Probate has, up until recently, been a largely paper-driven process; not least because of the risk of fraud and the strict security and validation measures needed to protect against this.
However, since 2016 the HM Courts and Tribunals Service (HMCTS) has been pursuing modernisation of the system via its comprehensive ‘reform programme’. The intent behind the programme is to make the most of new ways of working and advancements in technology, and to create a more straightforward, accessible and efficient system for users.
As far as probate is concerned, HMCTS’ focus is on making it possible to complete the majority of the process online (where the probate is non-contentious).
Online probate service in development
With the online service made available to probate practitioners acting on behalf of bereaved individuals and families at the end of 2019, we are obviously keen for our clients to benefit from a more ‘streamlined’ experience and we follow ongoing developments with interest.
For now, it is a work-in-progress as it currently does not allow for some of the more complex applications to be dealt with effectively, there are certain pieces of documentation that must still be submitted on paper and, as with any new system, it takes time to bed in and for glitches to be identified and eliminated.
Probate sub-registry closures
Another big step for HMCTS, which we blogged about earlier this year, was the shutting down of a number of its probate sub-registries throughout the UK.
Despite long delays and a significant backlog of applications having built up in 2019, following the debacle associated with proposed fee changes, the closures went ahead in line with the desire to create a more centralised service.
Centralisation should, at least, make for more efficient and consistent handling of physical probate applications that are currently moving through the system.
New grant of representation application forms
Most recently, HMCTS has launched new standard grant of representation application forms for practitioners, which replaces the requirement for a ‘Statement of Truth’ and is expected to make digitisation of paperwork that bit easier in the long-term.
This means lay applicants and professional practitioners now have to adhere to the same procedure, using standard forms PA1A (letters of representation), PA1P (grant of probate) and PA8A (caveat) as appropriate.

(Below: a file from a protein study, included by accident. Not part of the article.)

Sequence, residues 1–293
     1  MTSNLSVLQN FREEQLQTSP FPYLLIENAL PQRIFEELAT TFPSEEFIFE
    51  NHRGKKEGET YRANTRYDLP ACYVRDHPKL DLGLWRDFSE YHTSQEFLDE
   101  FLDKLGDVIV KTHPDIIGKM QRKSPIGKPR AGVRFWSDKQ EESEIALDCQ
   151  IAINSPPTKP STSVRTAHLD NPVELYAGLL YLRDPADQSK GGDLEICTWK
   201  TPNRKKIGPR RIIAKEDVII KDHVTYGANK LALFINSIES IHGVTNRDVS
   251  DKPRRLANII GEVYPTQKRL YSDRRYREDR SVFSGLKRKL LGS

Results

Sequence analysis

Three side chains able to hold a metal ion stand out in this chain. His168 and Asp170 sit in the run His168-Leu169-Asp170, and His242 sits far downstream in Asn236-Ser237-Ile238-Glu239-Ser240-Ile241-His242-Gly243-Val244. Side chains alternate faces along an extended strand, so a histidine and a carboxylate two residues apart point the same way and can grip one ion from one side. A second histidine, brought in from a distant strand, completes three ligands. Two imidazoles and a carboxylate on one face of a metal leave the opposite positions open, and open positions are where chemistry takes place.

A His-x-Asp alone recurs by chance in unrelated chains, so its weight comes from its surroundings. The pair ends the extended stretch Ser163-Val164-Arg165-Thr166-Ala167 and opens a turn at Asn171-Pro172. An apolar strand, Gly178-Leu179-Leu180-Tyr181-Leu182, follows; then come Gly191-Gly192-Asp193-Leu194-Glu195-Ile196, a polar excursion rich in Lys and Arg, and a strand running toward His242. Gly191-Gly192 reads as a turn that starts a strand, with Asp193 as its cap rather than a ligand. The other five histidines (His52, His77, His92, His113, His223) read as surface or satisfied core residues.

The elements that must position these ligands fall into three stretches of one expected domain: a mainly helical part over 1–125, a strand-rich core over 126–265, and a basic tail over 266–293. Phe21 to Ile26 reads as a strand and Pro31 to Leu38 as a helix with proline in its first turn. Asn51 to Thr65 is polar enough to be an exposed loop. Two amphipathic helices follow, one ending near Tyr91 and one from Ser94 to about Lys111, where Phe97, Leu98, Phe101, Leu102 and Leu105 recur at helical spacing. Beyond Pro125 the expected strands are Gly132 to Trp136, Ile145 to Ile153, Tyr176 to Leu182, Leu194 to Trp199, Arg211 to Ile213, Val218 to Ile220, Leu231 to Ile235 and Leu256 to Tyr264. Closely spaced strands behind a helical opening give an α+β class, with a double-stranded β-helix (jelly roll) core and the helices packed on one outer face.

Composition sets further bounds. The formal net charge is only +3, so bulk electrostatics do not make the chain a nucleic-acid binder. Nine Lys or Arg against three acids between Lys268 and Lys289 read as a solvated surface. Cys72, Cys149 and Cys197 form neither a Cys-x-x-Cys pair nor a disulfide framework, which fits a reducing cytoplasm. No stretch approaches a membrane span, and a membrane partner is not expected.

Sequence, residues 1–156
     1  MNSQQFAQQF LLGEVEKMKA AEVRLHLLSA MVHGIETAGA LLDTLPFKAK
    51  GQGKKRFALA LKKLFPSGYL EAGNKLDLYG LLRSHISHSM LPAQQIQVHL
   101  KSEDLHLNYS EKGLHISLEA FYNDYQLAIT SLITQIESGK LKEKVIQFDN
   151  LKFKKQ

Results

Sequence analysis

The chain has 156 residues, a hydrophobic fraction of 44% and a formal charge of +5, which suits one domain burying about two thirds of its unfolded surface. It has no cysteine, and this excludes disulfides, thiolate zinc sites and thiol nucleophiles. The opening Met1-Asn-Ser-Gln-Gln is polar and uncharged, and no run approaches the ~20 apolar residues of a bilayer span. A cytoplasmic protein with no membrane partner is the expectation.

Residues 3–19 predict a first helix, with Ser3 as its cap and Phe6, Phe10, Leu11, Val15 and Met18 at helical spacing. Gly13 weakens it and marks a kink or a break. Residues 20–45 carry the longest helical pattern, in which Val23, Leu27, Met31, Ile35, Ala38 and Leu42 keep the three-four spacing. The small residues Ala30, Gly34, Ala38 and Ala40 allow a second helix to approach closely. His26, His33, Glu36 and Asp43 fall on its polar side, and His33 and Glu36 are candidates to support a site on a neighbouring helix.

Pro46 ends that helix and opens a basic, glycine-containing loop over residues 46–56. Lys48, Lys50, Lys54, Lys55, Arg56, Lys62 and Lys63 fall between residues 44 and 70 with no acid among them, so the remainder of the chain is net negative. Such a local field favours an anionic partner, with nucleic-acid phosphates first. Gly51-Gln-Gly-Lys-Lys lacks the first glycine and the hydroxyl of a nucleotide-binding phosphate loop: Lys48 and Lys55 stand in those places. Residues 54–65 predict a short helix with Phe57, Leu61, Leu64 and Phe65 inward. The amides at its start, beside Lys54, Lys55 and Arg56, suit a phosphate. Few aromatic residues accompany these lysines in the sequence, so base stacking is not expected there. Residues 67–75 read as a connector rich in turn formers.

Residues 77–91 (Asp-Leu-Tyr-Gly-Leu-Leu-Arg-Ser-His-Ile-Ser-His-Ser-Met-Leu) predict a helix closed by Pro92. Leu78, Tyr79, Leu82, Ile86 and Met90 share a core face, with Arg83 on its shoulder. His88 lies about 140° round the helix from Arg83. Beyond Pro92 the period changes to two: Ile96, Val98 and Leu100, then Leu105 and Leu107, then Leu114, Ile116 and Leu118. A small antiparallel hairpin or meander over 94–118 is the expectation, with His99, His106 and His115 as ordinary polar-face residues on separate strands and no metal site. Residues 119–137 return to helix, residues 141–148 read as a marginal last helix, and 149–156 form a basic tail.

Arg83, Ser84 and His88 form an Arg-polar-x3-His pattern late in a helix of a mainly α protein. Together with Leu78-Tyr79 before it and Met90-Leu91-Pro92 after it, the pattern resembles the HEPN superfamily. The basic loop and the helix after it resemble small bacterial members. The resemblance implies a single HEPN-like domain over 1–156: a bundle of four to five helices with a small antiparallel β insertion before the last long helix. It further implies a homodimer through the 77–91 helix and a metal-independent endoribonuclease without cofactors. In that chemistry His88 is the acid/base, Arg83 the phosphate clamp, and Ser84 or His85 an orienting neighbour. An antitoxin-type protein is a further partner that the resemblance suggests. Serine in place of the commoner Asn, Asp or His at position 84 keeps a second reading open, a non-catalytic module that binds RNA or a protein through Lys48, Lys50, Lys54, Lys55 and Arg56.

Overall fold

The forms were introduced on 23 March 2020. Any Statements of Truth submitted after 20 April 2020 will be returned and the respective new form requested.
Tax Partner, Barry Jefferd, says: “Providing HMCTS’ systems are robust, online improvements are welcome. However, it is all too easy for non-qualified professionals or lay-people to treat online filing with a lower level of care and accuracy then they might with paper forms.
“It can be the case that somebody is led by the computer and fails to understand the importance of the questions being asked or, indeed, the information that they are supplying. Being an Executor is an important role with potentially serious implications, including personal liabilities for debts, if things go wrong.”
How can GH Probate help?
The process of obtaining probate, as well as all that follows, can be complicated and often time-consuming; not least because of the various rules, regulations and steps to adhere to.
GH Probate Ltd. offer a comprehensive, non-contentious, service from offices in Huntingdon, Biggleswade and Letchworth, without any need to involve a third party. This instantly simplifies the whole process, for you.
You can rest assured that everything will be carried out correctly; we act with compassion and discretion, and we will do everything within our power to minimise any delays. To talk to one of our probate practitioners about how we can support you, contact us today.
Our Probate service is provided through GH Probate Limited.
GH Probate is the trading style of GH Probate Limited. Registered in England and Wales number 9630102. Registered Office: St George’s House, George Street, Huntingdon, Cambridgeshire PE29 3GH.
Authorised to carry out the reserved legal activity of non-contentious probate in England and Wales by the Institute of Chartered Accountants in England & Wales